REN21 - Renewables 2007 Global Status Report
The Renewables 2007 Global Status Report provides an integrated perspective on the global renewable energy situation. It gives testimony of the undeterred growth of electricity, heat, and fuel production capacities from renewable energy sources, including solar PV, wind power, solar hot water/heating, biofuels, hydropower, and geothermal.
The report is the product of an international team of over 140 researchers and contributors from both developed and developing countries, drawing upon wide-ranging information and expertise across technologies, markets, and countries. Sections include: Global Market Overview, Investment Flows, Industry Trends, Policy Landscape, and Rural (Off-Grid) Renewable Energy. The policy section provides overviews of: policy targets for renewable energy, power generation promotion policies, solar hot water/heating policies, biofuels policies, municipal policies, and green power purchasing and renewable electricity certificates.
The Renewables 2007 Global Status Report is published by REN21 in collaboration with the Worldwatch Institute and was compiled and written by Worldwatch Senior Fellow Eric Martinot. The report is 51 pages long and contains 24 illustrative figures and tables as well as extensive endnote documentation. By design, the report does not provide analysis, discuss current issues, or forecast the future.
- Download Renewables 2007 Global Status Report (free PDF)
- Read the Executive Summary
- Get reports from past years (2004-2006)
Renewable energy offers our planet a chance to reduce carbon emissions, clean the air, and put our civilization on a more sustainable footing. It also offers countries around the world the chance to improve their energy security and spur economic development. So much has happened in the renewable energy sector during the past five years that our perceptions lag far behind the reality of where the industry is today. This report helps us to adjust those perceptions and to educate ourselves. It paints a remarkable overall picture of renewable energy markets, policies, industries, and rural applications around the world.
More than 65 countries now have goals for their own renewable energy futures, and are enacting a far-reaching array of policies to meet those goals. Multilateral agencies and private investors alike are “mainstreaming” renewable energy in their portfolios. And many renewables technologies and industries have been growing at rates of 20 to 60 percent, year after year, capturing the interest of the largest global companies. In 2007, more than $100 billion was invested in renewable energy production assets, manufacturing, research, and development—a true global milestone. Growth trends mean this figure will only continue to increase.
In 2004, 3,000 delegates from 150 countries came together to share ideas and make commitments at the “Renewables 2004” conference in Bonn, Germany. That conference launched many specific actions, which are now appearing in the global trends described in this report. It also launched the REN21 Global Policy Network. REN21 has grown to share ideas, facilitate action, and provide leadership to promote renewable energy. This type of leadership has never been more important, as renewable energy has reached the top of the agendas of international policy processes under the United Nations, the G8, and other multilateral fora.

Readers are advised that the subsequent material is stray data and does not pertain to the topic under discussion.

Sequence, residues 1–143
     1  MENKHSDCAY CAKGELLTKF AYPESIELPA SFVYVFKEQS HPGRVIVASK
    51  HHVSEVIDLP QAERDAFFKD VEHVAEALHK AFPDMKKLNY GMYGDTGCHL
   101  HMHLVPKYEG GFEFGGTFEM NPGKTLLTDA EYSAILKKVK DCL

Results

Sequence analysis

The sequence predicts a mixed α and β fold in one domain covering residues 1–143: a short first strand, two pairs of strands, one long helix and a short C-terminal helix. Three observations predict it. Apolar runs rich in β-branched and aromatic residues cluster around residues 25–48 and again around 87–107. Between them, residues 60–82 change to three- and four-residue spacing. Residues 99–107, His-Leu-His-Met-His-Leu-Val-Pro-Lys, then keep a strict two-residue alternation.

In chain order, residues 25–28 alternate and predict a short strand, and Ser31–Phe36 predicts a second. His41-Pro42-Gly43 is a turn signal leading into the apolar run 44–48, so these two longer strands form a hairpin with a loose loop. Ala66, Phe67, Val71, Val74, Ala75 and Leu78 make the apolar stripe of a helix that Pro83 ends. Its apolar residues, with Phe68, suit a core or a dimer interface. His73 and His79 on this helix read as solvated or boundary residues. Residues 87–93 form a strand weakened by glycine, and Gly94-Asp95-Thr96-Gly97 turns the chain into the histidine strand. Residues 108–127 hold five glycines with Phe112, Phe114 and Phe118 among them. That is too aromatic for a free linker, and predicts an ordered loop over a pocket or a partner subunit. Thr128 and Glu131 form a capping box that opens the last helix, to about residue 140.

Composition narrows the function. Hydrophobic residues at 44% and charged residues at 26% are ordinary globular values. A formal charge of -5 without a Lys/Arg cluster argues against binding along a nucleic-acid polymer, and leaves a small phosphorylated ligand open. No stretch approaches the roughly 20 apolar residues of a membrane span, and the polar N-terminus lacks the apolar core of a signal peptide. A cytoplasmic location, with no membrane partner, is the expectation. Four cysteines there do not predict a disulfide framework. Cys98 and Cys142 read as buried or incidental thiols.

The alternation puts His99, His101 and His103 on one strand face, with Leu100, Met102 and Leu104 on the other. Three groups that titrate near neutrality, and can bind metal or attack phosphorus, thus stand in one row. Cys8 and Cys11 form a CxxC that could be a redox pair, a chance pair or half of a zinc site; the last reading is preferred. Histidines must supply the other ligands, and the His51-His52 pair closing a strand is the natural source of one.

This report gives us an integrated perspective on the global renewable energy situation that wasn’t available in 2004. It is the product of an international team of over 140 researchers and contributors from both developed and developing countries, drawing upon wide-ranging information and expertise. The report was first produced in 2005, was updated in 2006, and is now being issued again in early 2008.
I would like to thank the German government for its financial sponsorship, the Worldwatch Institute for leading the production, German Gesellschaft für Technische Zusammenarbeit (GTZ) for administration, the REN21 Secretariat for oversight and management, the members of the REN21 Steering Committee for their guidance, all of the researchers and contributors these past three years for the information that made it possible, and the report’s lead author, Eric Martinot, for the monumental work of putting it all together.
REN21 is proud to offer this picture of renewable energy to the global community.
REN21 is a global policy network in which ideas are shared and action is encouraged to promote renewable energy. REN21 provides a forum for leadership and exchange in international policy processes. It bolsters appropriate policies that increase the wise use of renewable energies in developing and industrialized economies. Open to a wide variety of dedicated stakeholders, REN21 connects governments, international institutions, nongovernmental organizations, industry associations, and other partnerships and initiatives.
Linking actors from the energy, development, and environment communities, REN21 leverages their successes and strengthens their influence for the rapid expansion of renewable energy worldwide.
See www.ren21.net for more information